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Annette Lu pleads not guilty of corruption




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Tuesday, November 20, 2007
By David Young, The China Post


Vice President Annette Lu pleaded not guilty yesterday at the first trial hearing of her corruption case at the Taipei district court, complaining against a double standard prosecutors applied in indicting her for misusing two different public funds under her control.

Appearing at the courthouse shortly before the hearing was to start, Lu fired a broadside on the prosecution for unfairly charging her with corruption.

"They applied a double standard," Lu told reporters on a courthouse corridor. She scolded Hou Kuan-jen and other prosecutors of the Special Counsel who indicted her on Sept. 21.

The first vice president ever to be tried in Taiwan history, Lu was charged with misusing her expense account and another public fund under her control for the conduct of "affairs of state."

Hou Kuan-jen indicted KMT presidential candidate Ma Ying-Jeou last Feb. 24 for corruption in the misuse of his expense account while he was mayor of Taipei from 1998 to 2006.

Ma was acquitted on Aug. 14.

The double standard Lu complained about was in fact the one applied by the prosecution and the judges who exonerated Ma. Hou appealed the acquittal, and Ma is awaiting a verdict the Taiwan high court in Taipei is expected to hand down before the end of this year.

Judge Liu Fang-tzu, in conference with Lin Keng-tung and Chiang Chun-yen, presided over the hearing which began at 9:30 a.m.

After chiding the vice president for arriving late by a few minutes, Liu asked her how she would plead to the charges of corruption.

"I plead not guilty," the vice president said.

Lu went on to claim the charges against her by the prosecution were not substantiated. "What they produced as evidence wasn't true," she pointed out.

For one thing, the vice president said, the expense account, officially known as a special fund, is a "historical sin."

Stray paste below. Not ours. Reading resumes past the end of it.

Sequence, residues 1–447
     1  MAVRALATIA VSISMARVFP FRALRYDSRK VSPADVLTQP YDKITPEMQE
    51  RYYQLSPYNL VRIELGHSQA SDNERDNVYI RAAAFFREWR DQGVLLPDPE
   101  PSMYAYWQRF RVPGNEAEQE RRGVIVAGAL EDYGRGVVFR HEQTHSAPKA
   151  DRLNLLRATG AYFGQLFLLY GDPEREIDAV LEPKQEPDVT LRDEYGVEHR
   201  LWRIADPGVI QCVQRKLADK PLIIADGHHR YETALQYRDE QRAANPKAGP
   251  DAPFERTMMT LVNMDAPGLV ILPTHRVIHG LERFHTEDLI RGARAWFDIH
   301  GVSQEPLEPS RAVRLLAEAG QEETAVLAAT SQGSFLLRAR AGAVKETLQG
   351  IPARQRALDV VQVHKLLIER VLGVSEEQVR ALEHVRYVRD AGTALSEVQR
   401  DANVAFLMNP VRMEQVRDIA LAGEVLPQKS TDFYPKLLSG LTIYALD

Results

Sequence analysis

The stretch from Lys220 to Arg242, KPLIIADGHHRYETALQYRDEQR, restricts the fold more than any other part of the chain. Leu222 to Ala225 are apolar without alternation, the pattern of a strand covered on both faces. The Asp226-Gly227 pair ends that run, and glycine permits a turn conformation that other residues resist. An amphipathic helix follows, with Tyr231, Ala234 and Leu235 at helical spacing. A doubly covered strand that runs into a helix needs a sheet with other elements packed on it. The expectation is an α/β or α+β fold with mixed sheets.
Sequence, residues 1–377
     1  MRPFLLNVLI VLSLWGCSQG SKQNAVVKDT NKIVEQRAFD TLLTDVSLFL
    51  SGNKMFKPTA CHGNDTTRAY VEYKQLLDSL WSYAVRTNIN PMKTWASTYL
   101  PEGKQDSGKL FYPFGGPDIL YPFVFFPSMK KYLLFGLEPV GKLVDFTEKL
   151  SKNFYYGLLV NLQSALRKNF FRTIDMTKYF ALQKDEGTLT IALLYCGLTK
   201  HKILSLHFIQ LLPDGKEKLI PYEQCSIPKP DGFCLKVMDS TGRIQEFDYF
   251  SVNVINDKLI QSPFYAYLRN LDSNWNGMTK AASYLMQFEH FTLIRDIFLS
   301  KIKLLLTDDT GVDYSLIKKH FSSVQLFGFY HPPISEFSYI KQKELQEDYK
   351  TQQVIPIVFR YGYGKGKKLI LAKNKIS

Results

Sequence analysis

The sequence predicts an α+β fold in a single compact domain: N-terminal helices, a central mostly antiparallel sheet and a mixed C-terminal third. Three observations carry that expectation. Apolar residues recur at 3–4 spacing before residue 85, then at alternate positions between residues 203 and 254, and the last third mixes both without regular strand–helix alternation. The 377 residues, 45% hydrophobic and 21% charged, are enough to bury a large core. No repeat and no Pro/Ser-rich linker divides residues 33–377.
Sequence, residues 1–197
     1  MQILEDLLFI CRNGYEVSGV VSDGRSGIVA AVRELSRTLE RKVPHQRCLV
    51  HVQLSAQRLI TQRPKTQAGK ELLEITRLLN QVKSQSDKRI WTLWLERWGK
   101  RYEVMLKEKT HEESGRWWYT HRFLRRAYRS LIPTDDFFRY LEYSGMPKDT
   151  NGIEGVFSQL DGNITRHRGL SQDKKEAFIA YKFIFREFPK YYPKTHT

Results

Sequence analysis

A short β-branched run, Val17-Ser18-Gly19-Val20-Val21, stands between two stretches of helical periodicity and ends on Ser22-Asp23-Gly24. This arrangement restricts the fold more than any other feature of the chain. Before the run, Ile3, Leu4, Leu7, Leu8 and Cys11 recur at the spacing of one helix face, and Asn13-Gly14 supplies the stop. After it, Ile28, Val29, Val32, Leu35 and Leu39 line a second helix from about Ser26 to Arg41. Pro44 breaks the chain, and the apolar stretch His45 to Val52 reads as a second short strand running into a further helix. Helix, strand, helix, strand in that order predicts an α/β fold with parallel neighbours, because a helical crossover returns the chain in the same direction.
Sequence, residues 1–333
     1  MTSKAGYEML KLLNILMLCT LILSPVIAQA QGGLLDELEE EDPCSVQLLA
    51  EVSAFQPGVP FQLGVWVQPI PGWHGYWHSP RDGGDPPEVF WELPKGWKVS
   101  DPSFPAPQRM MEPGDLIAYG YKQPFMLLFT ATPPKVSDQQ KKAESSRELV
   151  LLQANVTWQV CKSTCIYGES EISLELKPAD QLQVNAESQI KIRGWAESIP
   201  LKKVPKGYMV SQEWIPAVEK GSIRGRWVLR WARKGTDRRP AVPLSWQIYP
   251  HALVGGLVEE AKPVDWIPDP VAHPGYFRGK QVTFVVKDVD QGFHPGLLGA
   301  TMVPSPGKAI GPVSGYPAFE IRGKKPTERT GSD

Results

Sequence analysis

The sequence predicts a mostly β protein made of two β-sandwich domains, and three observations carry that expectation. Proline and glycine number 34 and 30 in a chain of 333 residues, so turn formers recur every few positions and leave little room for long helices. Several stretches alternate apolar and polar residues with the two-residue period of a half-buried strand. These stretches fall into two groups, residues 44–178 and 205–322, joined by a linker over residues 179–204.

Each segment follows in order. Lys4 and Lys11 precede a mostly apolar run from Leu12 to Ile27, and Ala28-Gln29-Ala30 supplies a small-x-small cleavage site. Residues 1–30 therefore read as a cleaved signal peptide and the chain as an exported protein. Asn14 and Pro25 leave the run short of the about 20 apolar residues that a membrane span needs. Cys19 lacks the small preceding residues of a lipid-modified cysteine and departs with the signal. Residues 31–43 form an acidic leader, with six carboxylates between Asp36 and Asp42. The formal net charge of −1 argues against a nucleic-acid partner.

High public office holders were allowed to use the special fund however they chose without any justification after Chiang Kai-shek moved his Kuomintang government from Nanjing to Taipei at the end of 1949.

Their allowances were considered part of their pay. The practice had continued until earlier this year. That is the reason why Su Tseng-chang, the then premier, called the special fund or the expense account a historical sin. More than 6,000 incumbent and retired government officials are under investigation for misusing the expense account.

Some of them have been indicted. Aside from Lu, Yu Shyi-kung, a former premier, and Chen Tang Sun, secretary-general of the National Security Council, are standing trial.

But Hou Kuan-jen did not indict Frank Hsieh, Democratic Progressive Party presidential candidate, and his running mate Su Tseng-chang.

Apparently, Ma's expense account was considered a historical sin by the judges who acquitted him.

As a matter of fact, Lu said, she never asked her secretary how her expense account was spent. "How, then, could I be responsible?" she questioned.

As to the state affairs fund, Lu said President Chen Shui-bian provided her with NT$150,000 a month for use at her discretion. "I spent much more than that amount every month for charity and public welfare," she claimed.

"The spending in excess of the allotted amount wasn't touched upon in the written indictment," Lu protested.

At the request of her defense attorney, the presiding judge had to conclude the hearing ahead of schedule at 10:35 a.m. She was excused for attending a previously arranged official function.

On leaving the courthouse, Lu again told the waiting

press she does not understand why the judges and the prosecution had opposite views on the expense account.

"Who in the judiciary are finally responsible for upholding justice?" the vice president asked.

No date has been set for Lu's second trial hearing.



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